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43. Mutual Admiration Society - Self-Titled (2004)

From the curiosity department:

Mutual Admiration Society (MAS) is a musical Frankenstein with the body of blugrass trio Nickel Creek and the head of Toad the Wet Sprocket (lead man Glen Phillips). What mad scientist dreamed this up? What was the intention behind it? Was it for art's sake? Or are there plans to unleash it and attempt world domination?

Disregarding questions about its origin, the album is a surprise in a few ways. For one, it's not as twangy as you'd expect. This is a mostly quiet, ponderous set, and the Nickel Creekers' contributions are quite subtle and understated. In fact, it's almost like a Toad album with a bit more mandolin, fiddle and harmony.

There are 11 songs. Two were written by Sean Watkins (the pretty La Lune and the instrumental Reprise), three are covers, and the remaining six are Phillips originals. Of these, it's perhaps not coincidental that the two standouts are the two sole uptempo tracks on the record, Sake of the World and Be Careful. The other four, as mentioned above, could have easily slotted into a Toad album like Pale; they're slow and a bit aimless, but cast a light spell nonetheless.

The covers are more interesting. One, Trouble, is a Jon Brion tune from his self-released 2000 album Meaningless. (In case you don't know Brion has produced and written with lots of artists, including Fiona Apple and Aimee Mann.) The group displays great taste not only in choosing this song but also in sticking with the original arrangement. Phillips' voice is better than Brion's so that's a plus for this version; the minus is the fact that Brion's lyrics are so focused and wry that they create a sharp contrast to the other songs on the record, which tend to be more lyrically obtuse and earnest.

The other covers are a Harry Nilsson tune (Think About Your Troubles) and a new version of Toad's Windmills (from my personal fave Toad album, Dulcinia). What strikes me about the latter is that given a chance to do something dramatically different with the arrangement, MAS chooses not to. Instead, the song is almost exactly like the Toad version, but with a bit less production and a bit more harmony. It makes me wonder why they did it at all.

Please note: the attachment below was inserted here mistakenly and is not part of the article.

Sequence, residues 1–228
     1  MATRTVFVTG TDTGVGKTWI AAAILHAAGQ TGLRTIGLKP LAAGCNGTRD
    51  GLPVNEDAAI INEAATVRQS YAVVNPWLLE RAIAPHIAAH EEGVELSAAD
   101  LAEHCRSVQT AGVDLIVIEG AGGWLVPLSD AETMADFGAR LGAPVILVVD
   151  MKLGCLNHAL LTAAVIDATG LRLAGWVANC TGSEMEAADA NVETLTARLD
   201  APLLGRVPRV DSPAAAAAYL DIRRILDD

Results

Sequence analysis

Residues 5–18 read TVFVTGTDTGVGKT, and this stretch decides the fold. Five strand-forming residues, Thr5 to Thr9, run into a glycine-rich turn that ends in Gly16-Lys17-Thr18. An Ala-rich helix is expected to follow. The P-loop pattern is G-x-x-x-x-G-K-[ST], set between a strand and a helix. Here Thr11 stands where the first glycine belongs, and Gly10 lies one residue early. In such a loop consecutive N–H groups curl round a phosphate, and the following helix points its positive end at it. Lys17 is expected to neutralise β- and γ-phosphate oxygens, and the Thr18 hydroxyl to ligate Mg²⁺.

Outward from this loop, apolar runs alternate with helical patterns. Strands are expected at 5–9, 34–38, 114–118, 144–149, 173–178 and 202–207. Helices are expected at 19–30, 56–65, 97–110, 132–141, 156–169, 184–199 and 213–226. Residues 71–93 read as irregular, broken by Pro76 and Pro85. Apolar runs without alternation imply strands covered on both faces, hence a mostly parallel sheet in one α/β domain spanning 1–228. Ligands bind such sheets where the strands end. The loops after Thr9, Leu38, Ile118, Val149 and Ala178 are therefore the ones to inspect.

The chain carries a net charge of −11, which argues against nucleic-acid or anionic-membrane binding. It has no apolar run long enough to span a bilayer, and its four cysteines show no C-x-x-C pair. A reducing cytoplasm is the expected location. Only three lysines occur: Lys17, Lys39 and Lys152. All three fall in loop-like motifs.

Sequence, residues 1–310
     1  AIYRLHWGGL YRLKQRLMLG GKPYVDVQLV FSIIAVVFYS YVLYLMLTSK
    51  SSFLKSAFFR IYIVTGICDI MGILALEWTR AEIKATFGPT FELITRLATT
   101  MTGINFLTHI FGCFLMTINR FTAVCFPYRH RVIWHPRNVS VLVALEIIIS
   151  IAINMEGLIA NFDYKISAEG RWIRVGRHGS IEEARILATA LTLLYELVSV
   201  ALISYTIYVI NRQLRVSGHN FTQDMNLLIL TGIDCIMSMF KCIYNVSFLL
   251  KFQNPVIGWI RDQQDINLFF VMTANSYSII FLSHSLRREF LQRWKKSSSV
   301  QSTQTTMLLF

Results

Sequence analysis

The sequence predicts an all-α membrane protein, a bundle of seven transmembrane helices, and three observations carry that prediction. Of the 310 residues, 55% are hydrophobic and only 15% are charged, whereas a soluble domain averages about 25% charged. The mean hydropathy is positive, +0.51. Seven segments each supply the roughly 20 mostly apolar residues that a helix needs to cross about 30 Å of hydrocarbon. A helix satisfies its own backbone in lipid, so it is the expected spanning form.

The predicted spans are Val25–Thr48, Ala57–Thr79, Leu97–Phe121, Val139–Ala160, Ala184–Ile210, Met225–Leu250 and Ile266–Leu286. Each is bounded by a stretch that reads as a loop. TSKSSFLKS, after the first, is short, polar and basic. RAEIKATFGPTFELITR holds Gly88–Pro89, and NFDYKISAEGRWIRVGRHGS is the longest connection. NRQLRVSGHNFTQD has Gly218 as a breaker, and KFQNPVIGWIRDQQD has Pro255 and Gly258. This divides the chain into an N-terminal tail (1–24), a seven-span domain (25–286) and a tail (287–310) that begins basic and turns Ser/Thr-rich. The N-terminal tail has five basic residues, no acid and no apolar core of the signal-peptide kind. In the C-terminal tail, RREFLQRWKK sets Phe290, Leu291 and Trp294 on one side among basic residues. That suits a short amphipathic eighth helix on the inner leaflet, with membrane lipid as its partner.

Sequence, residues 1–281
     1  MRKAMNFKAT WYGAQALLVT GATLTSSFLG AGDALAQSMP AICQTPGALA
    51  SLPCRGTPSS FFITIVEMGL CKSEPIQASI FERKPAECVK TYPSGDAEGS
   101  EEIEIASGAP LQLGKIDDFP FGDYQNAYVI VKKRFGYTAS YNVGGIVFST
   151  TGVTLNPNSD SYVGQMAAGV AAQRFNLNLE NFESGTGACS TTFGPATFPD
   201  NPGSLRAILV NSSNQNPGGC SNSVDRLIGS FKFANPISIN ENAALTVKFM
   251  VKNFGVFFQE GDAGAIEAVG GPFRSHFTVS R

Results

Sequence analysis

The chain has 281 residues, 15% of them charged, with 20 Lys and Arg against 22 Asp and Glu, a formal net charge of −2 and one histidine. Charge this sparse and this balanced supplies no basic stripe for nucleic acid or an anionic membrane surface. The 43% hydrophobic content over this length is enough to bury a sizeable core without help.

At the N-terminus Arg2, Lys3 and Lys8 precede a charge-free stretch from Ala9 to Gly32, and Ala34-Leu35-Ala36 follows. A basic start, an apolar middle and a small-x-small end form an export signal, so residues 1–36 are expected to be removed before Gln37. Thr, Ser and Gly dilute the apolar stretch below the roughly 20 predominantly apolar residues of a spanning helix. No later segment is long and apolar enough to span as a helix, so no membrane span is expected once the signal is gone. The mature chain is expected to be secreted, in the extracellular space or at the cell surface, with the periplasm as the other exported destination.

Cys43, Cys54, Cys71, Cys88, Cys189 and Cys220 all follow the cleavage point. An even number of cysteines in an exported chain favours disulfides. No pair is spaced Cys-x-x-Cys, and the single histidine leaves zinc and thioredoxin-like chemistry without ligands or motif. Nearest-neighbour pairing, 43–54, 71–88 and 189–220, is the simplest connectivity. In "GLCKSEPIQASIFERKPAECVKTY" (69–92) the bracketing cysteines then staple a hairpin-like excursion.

And that's kinda how I feel about this whole project. Yeah, there's nothing wrong with it, but I still wonder why it happened. Adding to this is the fact that the album isn't even fresh: the liner notes say it was recorded over six days in 2000. Think about that! Several bands have come and gone since then!

Even more damning is the package design. It seems to have been created without the input of the artists by someone who didn't listen to the record. The cover features a man (none of the band members) looking out the window of a meeting room. There are coffee and donuts on the table, as well as an agenda. I suppose it's a play off the band's name (get it, a mutual admiration society meeting where only one member shows up?). It's mildly clever, but doesn't suit the mood of the music one bit. This bothers me.

So in the end, MAS is a pretty little album of very little consequence. It's really hard to hate but equally difficult to get excited about. In other words, a curiosity.

Rating: B-
Fave Song: Be Careful

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